Public Input On Education Funding Requested

Dec 29, 2016

The Wyoming Legislature's Joint Education Committee released a document outlining possible solutions to Wyoming’s education funding crisis and has asked for immediate public input.

The Subcommittee on Education Deficit Reduction Options was tasked with offering strategies to address the current funding model, while maintaining the quality of public education.

The Subcommittee’s proposed solutions, which will be considered in the upcoming legislative session, include spending reductions, using savings to offset shortfalls, identifying additional revenue streams, amending spending policies, and identifying revenue enhancements.

Wyoming Department of Education Superintendent Jillian Balow described education funding as a dire situation, but as cuts are being considered she encourages the legislature to protect the investments that have already been made in public education.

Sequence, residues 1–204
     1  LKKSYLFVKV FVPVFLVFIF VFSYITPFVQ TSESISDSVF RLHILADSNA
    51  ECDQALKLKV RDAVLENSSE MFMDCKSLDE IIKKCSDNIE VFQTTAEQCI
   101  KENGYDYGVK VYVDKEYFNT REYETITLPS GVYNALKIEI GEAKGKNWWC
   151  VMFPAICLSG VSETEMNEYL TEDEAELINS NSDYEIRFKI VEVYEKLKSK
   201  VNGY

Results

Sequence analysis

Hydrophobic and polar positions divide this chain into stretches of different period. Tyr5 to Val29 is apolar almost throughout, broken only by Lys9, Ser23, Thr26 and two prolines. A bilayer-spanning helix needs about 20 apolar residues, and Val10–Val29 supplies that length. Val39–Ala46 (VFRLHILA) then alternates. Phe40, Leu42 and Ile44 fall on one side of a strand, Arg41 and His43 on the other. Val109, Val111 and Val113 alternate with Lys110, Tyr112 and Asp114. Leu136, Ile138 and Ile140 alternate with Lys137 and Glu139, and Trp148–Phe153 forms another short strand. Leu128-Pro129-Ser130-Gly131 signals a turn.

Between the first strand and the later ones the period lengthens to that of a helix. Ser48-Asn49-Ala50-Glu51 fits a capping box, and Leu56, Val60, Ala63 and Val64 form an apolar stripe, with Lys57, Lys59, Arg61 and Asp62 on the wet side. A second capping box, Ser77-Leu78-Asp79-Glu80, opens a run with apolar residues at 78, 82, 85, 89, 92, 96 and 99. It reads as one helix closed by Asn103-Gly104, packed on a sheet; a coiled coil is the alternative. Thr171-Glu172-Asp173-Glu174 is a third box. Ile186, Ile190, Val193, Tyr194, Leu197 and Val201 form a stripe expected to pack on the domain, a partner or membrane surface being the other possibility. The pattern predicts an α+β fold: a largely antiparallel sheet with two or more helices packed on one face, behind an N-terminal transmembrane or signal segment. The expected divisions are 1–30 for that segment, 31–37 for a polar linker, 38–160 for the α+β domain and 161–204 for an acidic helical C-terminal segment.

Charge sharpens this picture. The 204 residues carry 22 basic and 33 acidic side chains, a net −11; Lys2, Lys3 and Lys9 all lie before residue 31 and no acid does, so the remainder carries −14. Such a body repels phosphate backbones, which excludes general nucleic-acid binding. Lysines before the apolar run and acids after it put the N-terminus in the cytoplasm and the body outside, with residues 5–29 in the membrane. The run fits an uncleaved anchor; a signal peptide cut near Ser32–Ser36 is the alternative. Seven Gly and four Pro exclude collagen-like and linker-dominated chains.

“As the state superintendent I think that one of our most important priorities is to make sure that we stay focused also on school improvement and on building upon the great education system that we have in Wyoming and not simply casting that aside to talk about education finance,” said Balow.

She pointed to small class size and the instructional facilitator program as investments that should be maintained. 

The document released also draws attention to the education system’s overwhelming dependence on the mineral industry. In the past, 65 percent of the K-12 operations budget came from mineral production and taxes paid by energy producers, which has since declined. In the document, members of the Subcommittee wrote: “the problem cannot be solved with a focus solely on increasing revenues or decreasing expenditures.”

Wyoming Department of Education, Chief of Staff, Dicky Shanor said the Subcommittee’s efforts to present multiple options and a more strategic approach sets a much needed precedent. 

“We can’t go into the session with individual piece meal attempts at fixing the shortfall that we are experiencing, through individual bills,” Shanor said. “That we needed a more methodical and comprehensive approach and now it has actually come to fruition.” 

The Subcommittee's proposed solutions are open for review and public comments can be submitted through January 4. 

For more information visit: